Many, if not most, of these celebrations, included horse racing, baseball games, children’s athletic events, and some included tent camping for one or more days.  This was also true of the picnics held along the banks of Crab Creek with the event lasting at least three days.  Some families camped for up to a week.

Early picnics on Crab Creek were just one-day events, but as these family-oriented neighborhood picnics grew in popularity and size, news spread to other communities and before long there was talk of expanding the picnics into an even larger event.  This desire for expansion led to incorporation in 1903.

After the pioneers of Lincoln County incorporated, these family-oriented picnics continued to grow until they closely resembled a circus or county fair.  Their goal was to advance social intercourse and gather and preserve the history of the area, and the pioneers who settled it.  Officers were elected and by-laws were written.  This was the inconspicuous beginnings of the great Pioneer Picnics on Crab Creek that would continue for almost forty years amidst the shady grove of trees along the banks of Crab Creek. Starting in 1931, the celebrations were held at Sprague Lake and lasted another ten years.  These latter picnics were only one-day events.    Even Ritzville hosted the Pioneer Picnic for one year.

While the picnics on Crab Creek started out as neighborhood gatherings, they eventually grew into the large gala events that so many of our parents and grandparents talked about.  I remember my mother, aunt, and grandmother talking about the fun they experienced at these celebrations.  This work is an attempt at documenting and preserving the memory and heritage of the great Pioneer Picnics on Crab Creek of long ago.

While there were many similarities to the picnics on Crab Creek, there were also many things that were unique to each individual picnic.  The reader will find a section covering the earlier gatherings up to 1902, followed by a year-by-year account of the events which made each picnic unique.  There is also a chapter on the vital statistics of each picnic.  Perhaps the best part is the over 75 photos that were found during my research.  They tell the story in a way that no author can duplicate.  It is my hope that the reader will come away with a better understanding of what happened at the great Pioneer Picnics along the shady banks of Crab Creek, in Lincoln County, so many years ago.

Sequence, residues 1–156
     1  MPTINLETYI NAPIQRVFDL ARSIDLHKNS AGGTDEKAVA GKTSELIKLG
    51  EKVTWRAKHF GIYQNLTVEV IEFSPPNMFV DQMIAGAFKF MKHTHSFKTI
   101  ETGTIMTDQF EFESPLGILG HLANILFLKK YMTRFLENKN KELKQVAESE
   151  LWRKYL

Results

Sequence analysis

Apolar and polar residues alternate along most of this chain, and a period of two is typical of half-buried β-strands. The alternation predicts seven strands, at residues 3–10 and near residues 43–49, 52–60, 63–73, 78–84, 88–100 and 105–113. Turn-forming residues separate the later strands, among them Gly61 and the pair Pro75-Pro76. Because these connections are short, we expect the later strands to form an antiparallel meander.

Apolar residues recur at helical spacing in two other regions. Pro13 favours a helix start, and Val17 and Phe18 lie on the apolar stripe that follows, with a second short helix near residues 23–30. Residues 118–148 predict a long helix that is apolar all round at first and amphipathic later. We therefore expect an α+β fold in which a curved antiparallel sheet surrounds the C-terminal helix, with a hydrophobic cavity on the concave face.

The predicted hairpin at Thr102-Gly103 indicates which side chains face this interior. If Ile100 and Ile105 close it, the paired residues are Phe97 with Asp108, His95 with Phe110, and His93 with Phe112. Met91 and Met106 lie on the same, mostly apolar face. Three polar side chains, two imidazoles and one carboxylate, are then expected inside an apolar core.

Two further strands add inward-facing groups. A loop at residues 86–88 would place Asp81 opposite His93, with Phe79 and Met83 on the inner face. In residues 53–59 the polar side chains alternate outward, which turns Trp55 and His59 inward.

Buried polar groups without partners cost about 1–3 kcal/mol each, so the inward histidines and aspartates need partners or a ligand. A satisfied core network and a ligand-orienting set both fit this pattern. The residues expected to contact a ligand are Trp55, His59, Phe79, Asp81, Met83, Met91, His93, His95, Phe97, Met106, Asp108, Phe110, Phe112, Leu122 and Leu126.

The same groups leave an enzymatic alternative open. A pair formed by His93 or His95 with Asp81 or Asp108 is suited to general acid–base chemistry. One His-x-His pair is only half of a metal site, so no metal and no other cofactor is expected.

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This work includes information about:

  • Ritzville, Washington history
  • Lind, Washington history
  • Sprague, Washington history
  • Harrington, Washington history
  • Davenport, Washington history
  • Odessa, Washington history
  • Cheney, Washington history
  • Lamona, Washington history
  • Marcellus, Washington history
  • Creston, Washington history
  • Spokane, Washington history
  • Adams County history
  • Lincoln County history

The book has 193 pages, 192 historic photographs and other advertisements with a bibliography and index.

Additional information

Binding

Hardcover, Softcover